Ministry in a whole new world

Twenty years ago when we started Crossroads Church, our goal was to create a church that unreached people would want to attend and in the process be transformed by Christ. So, we spent a lot of time and resources on developing an engaging worship experience and a welcoming atmosphere. Crossroads continued growth would indicate we were fairly successful at meeting that goal.
Now, 20 years later, not only has my hair line changed, so have the perspectives of unreached people.  20 years ago about 75% of unreached people were open to an invitation to a relevant worship service if invited by a friend. Today, that number has fallen to around 40%. Yes there are still many people who will respond to an invitation to worship, but an increasing number, maybe even more than 60%, will not. It doesn’t matter how excellent the music is, how inspiring the message, or appealing the kids ministry – that 60% aren’t coming. In order to reach an increasingly secular society, churches once again need to change their approach or risk vanishing, like the Church of England may do. “Religion Today Summaries” reports:
“The Church of England’s quickly aging congregations means the denomination will be almost extinct in 2020 unless something is done to attract young people back to the church. … Rev. Dr. Patrick Richmond says. “2020 apparently is when our congregations start falling through the floor because of natural wastage, that is people dying… Another 10 years on, some extrapolations put the Church of England as no longer functionally extant at all.” According to the UK Telegraph, other Synod members compared the church’s direction to a company’s “perfectly and impeccably manage[d] into failure.”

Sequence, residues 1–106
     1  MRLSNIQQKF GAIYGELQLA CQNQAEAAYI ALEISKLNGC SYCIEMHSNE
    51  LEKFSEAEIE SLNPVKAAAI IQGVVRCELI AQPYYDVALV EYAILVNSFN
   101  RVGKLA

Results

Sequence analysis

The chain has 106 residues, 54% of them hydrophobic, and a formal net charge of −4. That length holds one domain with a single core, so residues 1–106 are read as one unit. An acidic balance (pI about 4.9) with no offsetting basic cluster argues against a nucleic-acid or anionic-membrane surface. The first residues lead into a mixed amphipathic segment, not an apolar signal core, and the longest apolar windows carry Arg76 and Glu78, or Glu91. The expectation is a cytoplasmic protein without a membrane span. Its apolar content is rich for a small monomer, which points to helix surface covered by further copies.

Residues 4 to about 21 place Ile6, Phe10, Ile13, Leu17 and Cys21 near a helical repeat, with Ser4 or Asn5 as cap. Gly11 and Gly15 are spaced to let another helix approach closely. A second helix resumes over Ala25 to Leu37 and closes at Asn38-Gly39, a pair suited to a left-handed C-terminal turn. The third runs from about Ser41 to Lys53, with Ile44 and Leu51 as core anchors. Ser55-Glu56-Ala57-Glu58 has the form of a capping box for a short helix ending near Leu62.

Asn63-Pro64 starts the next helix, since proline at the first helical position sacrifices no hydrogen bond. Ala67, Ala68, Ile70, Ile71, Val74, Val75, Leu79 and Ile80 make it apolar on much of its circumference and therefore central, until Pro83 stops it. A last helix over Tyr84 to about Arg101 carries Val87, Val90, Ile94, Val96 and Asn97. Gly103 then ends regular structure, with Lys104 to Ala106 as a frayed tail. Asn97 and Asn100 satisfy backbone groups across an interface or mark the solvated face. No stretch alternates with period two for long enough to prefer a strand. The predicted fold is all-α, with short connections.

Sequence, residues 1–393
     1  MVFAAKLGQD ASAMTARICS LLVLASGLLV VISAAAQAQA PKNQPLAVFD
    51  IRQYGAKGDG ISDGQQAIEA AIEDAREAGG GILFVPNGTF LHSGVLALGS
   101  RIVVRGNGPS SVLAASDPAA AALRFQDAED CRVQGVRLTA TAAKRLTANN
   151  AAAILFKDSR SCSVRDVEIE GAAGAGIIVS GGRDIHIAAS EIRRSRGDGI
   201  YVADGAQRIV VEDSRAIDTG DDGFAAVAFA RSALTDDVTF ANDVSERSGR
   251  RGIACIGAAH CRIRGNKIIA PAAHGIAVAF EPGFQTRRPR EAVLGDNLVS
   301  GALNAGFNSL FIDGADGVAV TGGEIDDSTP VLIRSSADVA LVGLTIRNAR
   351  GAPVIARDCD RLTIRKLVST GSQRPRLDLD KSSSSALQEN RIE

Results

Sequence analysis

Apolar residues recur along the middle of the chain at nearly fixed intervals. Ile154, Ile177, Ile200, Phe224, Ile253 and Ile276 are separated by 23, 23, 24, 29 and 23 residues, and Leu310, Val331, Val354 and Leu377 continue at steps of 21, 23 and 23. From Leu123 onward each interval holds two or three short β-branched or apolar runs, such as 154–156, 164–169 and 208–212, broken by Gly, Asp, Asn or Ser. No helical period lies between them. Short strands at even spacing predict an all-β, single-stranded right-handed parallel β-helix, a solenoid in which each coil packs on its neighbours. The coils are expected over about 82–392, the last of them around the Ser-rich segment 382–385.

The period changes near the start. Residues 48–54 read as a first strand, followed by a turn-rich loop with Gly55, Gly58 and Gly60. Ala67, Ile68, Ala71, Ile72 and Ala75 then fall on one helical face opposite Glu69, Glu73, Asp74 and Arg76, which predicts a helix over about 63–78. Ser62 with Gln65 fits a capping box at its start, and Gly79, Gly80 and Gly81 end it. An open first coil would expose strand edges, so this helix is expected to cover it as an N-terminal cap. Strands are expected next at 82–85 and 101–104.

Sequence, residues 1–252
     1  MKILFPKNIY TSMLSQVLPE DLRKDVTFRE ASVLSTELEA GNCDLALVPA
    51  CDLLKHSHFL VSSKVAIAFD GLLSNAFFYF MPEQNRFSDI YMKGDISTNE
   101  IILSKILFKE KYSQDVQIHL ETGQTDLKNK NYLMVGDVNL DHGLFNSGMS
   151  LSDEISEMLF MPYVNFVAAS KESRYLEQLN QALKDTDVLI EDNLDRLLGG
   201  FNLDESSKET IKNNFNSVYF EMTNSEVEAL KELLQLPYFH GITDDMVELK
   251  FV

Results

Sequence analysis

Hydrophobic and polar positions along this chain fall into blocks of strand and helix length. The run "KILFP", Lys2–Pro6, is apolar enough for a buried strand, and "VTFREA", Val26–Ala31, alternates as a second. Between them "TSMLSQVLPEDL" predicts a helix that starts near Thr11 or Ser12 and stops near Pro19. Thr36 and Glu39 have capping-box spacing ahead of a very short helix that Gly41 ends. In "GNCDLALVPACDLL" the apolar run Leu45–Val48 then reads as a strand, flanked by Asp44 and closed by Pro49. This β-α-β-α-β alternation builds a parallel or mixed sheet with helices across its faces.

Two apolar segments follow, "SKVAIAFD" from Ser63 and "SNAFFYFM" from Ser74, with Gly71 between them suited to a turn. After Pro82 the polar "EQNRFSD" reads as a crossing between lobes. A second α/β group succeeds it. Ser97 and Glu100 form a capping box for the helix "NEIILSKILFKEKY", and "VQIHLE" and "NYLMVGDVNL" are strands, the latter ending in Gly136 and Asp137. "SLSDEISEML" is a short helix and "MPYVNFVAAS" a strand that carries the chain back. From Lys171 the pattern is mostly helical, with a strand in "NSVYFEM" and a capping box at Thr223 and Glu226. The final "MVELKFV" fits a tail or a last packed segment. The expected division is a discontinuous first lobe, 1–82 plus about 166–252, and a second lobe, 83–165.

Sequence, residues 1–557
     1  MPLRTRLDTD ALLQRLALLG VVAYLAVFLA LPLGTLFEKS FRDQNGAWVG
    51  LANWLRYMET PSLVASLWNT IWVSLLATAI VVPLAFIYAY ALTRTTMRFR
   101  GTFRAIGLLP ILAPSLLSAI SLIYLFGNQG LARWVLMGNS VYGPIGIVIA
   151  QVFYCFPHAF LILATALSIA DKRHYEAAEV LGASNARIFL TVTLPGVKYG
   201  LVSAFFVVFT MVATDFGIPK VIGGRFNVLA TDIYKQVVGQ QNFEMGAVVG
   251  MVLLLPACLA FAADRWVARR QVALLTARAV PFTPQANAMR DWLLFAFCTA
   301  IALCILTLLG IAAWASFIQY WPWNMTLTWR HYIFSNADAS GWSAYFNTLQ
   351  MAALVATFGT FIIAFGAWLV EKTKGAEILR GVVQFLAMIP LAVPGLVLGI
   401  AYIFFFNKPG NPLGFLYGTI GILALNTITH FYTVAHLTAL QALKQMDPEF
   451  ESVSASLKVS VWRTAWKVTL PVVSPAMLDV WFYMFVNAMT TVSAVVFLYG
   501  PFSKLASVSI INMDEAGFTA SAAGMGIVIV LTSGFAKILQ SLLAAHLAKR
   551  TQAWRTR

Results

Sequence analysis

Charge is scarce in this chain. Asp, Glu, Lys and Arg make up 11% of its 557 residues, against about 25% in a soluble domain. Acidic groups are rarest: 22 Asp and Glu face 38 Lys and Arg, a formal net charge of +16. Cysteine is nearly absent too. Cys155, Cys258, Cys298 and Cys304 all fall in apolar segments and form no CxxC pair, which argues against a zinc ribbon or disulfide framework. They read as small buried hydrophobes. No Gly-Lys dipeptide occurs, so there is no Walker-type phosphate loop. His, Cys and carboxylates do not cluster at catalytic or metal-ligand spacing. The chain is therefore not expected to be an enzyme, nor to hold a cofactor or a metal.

The answer is not to try to attract young people to church, the answer is for the church to reactivate its mission and send its members out daily to offer Christ to a dying world. This will look a lot different than starting a worship band or running cool videos (neither of which are wrong). The 60% (much higher in the U.K) are not coming; we need to be going to them. That means unconventional but effective disciple-making in neighborhoods and workplaces. I’ll say more on that in my next blog.